Ralphs Group Policy - Problem Definition Background Childhood Obesity has reached epidemic status in the United States Today children spend more

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Problem Definition Background : Childhood Obesity has reached epidemic status in the United States. Today children spend more time watching television and playing video games than engaging in physical activity. Data from the NSW Child Health Survey 2001 found 40% of children age 5-12 reportedly watch on average of two hours or more of television or videos a day and 15% play computer games for an hour or more a day. There are both sociological and cultural factors contributing to the current trends of obesity. Over the last twenty years rates of obesity in children have risen greatly in many countries around the world, leading some researchers to speak of an “international epidemic.” The current crisis in the United States is particularly striking. In 1963, the percentage of overweight children from ages 6-11 was 4.2 percent ( A1 ). By the year 2000, 15.5 percent of children were classified as overweight ( A1 ). Since the 1970s, the prevalence (or percentage) of obesity has more than doubled for preschool children aged 2-5 (5 percent to 10.4 percent) and adolescents aged 12-19 years (6.1 percent to 15.5 percent), and it has more than tripled for children aged 6-11 years (4 percent to 15.3 percent) ( A2 ). Though white children have very high levels of obesity, minority children have even higher levels, as well ( A3 ). Today over nine million children are overweight in the United States, which is triple what the proportion was in 1980. The health risks associated with childhood obesity are type II diabetes, high blood pressure, hypelipidaemia, orthopedic problems, asthma, sleep apnea, and psychological effects, including low self-esteem and depression. With these continuing trends, the United States is put at further risk for a health crisis unmatched in severity and costs since the effects of cigarette smoking. Policy Problem: Should the state of New Avery implement a policy to require the reporting of students’ Body Mass Index (BMI) on report cards as a measure to reduce childhood obesity? Analyst’s Problem: Determine the effectiveness of BMI report cards in reducing childhood obesity and increasing parental awareness and involvement. Examine alternative polices that have the same objective of reducing childhood obesity as a replacement for BMI report cards or in conjunction with. Evaluate the costs and benefits of implementing BMI report cards. Determine possible implementation problems and externalities resulting from BMI report card 1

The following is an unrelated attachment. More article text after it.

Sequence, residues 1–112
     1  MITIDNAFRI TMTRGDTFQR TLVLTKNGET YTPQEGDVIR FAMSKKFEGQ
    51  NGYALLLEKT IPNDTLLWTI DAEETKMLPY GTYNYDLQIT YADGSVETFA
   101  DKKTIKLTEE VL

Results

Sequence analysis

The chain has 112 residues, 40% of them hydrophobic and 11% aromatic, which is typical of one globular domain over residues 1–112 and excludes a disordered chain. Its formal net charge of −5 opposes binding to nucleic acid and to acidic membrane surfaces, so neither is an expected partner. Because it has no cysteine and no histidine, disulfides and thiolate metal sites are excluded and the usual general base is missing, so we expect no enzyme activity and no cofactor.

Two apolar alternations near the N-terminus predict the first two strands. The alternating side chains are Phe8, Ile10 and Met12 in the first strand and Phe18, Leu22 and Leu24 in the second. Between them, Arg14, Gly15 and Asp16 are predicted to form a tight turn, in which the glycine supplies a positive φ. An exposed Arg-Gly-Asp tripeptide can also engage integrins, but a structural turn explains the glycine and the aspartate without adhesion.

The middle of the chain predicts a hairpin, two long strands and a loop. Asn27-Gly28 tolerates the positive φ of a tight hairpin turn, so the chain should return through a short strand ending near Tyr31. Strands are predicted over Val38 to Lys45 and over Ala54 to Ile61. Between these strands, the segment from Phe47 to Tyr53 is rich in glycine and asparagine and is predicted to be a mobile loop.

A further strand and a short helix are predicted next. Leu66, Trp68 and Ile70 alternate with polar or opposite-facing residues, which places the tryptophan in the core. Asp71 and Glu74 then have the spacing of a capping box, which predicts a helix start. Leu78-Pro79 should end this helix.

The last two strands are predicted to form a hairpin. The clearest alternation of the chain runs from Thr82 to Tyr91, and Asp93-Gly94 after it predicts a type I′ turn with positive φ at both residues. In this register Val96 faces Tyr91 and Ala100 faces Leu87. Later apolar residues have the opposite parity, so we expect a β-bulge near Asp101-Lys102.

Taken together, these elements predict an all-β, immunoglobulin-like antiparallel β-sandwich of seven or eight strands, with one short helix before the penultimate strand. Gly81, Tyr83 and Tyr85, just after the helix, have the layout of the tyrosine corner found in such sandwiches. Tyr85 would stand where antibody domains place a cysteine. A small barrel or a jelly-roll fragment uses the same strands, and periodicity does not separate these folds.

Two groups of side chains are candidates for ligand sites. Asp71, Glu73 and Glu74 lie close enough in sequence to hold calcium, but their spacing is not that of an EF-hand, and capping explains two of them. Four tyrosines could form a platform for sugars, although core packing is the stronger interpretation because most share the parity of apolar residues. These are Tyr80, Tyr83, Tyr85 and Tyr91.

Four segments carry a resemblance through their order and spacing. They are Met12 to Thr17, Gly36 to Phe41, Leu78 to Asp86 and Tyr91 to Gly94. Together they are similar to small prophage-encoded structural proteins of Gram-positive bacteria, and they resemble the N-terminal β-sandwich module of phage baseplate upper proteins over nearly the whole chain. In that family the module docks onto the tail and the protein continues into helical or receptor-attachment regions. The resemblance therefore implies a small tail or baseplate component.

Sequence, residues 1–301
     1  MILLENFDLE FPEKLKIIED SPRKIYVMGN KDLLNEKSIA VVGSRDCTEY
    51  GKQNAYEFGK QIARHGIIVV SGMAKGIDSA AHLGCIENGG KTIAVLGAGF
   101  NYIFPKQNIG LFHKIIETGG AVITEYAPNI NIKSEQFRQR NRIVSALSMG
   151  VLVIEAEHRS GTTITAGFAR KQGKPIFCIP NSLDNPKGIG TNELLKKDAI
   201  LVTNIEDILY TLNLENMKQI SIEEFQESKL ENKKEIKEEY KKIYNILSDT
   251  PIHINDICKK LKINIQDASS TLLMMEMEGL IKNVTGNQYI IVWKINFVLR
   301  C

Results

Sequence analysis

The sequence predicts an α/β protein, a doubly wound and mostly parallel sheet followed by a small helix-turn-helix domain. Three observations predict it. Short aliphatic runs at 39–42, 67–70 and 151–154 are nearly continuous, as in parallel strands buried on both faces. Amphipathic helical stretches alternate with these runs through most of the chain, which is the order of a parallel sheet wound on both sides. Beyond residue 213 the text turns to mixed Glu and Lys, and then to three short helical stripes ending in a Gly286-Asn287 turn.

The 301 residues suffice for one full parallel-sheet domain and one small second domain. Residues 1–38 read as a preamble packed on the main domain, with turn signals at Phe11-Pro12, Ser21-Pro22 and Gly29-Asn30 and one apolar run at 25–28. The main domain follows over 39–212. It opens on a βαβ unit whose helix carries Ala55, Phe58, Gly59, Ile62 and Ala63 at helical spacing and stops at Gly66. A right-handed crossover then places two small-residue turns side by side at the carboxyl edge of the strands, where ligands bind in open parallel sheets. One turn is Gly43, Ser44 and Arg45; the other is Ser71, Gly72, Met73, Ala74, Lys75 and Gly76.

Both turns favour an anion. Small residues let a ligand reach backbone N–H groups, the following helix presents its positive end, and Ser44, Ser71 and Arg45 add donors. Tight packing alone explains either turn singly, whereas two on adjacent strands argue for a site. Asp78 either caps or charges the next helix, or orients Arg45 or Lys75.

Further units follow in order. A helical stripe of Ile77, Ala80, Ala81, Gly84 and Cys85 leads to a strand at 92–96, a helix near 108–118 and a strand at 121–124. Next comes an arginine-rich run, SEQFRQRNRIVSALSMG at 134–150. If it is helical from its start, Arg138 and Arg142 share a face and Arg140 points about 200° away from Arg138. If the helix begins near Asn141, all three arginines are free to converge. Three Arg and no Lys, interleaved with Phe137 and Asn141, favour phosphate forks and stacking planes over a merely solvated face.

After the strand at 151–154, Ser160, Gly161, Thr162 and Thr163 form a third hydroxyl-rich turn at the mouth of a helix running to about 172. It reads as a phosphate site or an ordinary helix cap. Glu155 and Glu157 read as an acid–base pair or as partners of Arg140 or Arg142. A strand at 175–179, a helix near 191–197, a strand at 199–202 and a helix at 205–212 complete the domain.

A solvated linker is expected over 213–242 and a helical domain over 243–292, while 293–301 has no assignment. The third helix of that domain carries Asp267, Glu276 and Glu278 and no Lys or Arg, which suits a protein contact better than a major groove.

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programs. Scrutinize the constitutionality of BMI report card programs. Investigate the political acceptability of BMI report card programs. Background Information Legislative History Federal Bills/Laws: The first action taken by the federal government toward childhood obesity took place in 2003. Prior to 2003, the federal government has never been involved in the growing epidemic of childhood obesity in America. Thus, the only president in our nation’s history to address childhood obesity from the federal level is George W. Bush. There have been twelve
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This note was uploaded on 03/30/2008 for the course PAM 2300 taught by Professor Avery,r. during the Fall '06 term at Cornell University (Engineering School).

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Ralphs Group Policy - Problem Definition Background Childhood Obesity has reached epidemic status in the United States Today children spend more

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